So what the current situation is that quickstart generates files on certain assumptions and by collecting some metadata for eg.. from the .editorconfig files but its not that accurate and points out too may errors or inconsistencies in the code base. Many organisations don’t follow standard coding styles, they instead follow their own custom configurations which means the project administrators need to take out time to learn about the bears and their capabilities and then manually make the configuration files. This is undesirable and hinders the adoption of coala across communities. The project demands me to make coala-quickstart capable of generating project compatible config files which assume that the code base is correct as of now, generate no errors and only detects errors in future commits.

Links for my project abstracts:

So how am I gonna do it?

The fact is that I don’t know, I am forming my cEP which are PEP equivalents for coala and the implementation is still in the making. I have already revamped my cEP completely once, currently awaiting more reviews.

So the basic idea what I am gonna do is use a brute force to search through the code base collecting metadata on my way and then guess or drop the settings of the bears. If the required settings (without which the bears can’t work) cannot be guessed then I will drop the entire bear or if its just an optional setting, I will just drop that setting.

The next stage of my project will involve improving upon the brute force to reduce the time taken by brute force, make the config files more specific to the project so that no setting that can be guessed is left out and coala doesn’t fail to point out inconsistencies in future commits.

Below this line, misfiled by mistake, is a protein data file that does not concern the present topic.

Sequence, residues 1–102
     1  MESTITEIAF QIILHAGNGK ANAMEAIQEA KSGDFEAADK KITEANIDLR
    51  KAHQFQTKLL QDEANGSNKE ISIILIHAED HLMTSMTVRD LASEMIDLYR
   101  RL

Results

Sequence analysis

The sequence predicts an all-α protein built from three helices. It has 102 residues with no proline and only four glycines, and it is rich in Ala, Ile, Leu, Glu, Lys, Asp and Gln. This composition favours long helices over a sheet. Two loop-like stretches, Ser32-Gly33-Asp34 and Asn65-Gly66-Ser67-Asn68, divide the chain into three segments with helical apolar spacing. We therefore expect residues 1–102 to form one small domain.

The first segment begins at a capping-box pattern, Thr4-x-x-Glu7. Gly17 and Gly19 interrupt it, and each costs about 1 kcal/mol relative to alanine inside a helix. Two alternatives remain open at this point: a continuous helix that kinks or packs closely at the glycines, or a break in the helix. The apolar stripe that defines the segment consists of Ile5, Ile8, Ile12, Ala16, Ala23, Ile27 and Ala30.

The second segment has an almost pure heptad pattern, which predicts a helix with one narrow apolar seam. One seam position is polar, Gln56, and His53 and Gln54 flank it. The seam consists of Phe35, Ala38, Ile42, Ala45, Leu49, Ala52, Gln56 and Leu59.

And for the final part, it will involve training an evil army of newcomers to land PRs (Pull Requests) in other orgs for the generated .coafile or config file so that they may be tempted to use coala for their CI or whatever their needs are. (Bwahaha! sounds like a plan!)

So how has it been going?

I would say esketit!!! (sure whatever the hell that means). Been talking extensively with Satwik who is my primary mentor and also with Adhityaa (@adtac) who is my secondary mentor and quite enjoying my work. I laugh at myself asking Satwik at the time of writing proposals that this shit seems so simple, why make a project out of it? Ah! sweet ignorance. Ignorance is bliss. Now I am doing it, I get to know the intrecacies involved and the same reply I got from Satwik when I asked this question. Anyways walking into the wild and paving your own path has a fun of its own. In the meantime getting familiar with the quickstart repo and solving some bugs.

There are so many questions that are asked to me about this project by others and the answer is “I still don’t know”. Can’t wait to start coding as many of the troubles and subtlities will unfold on their own, plus I get to sit behind my computer all day! What can be more fun that this!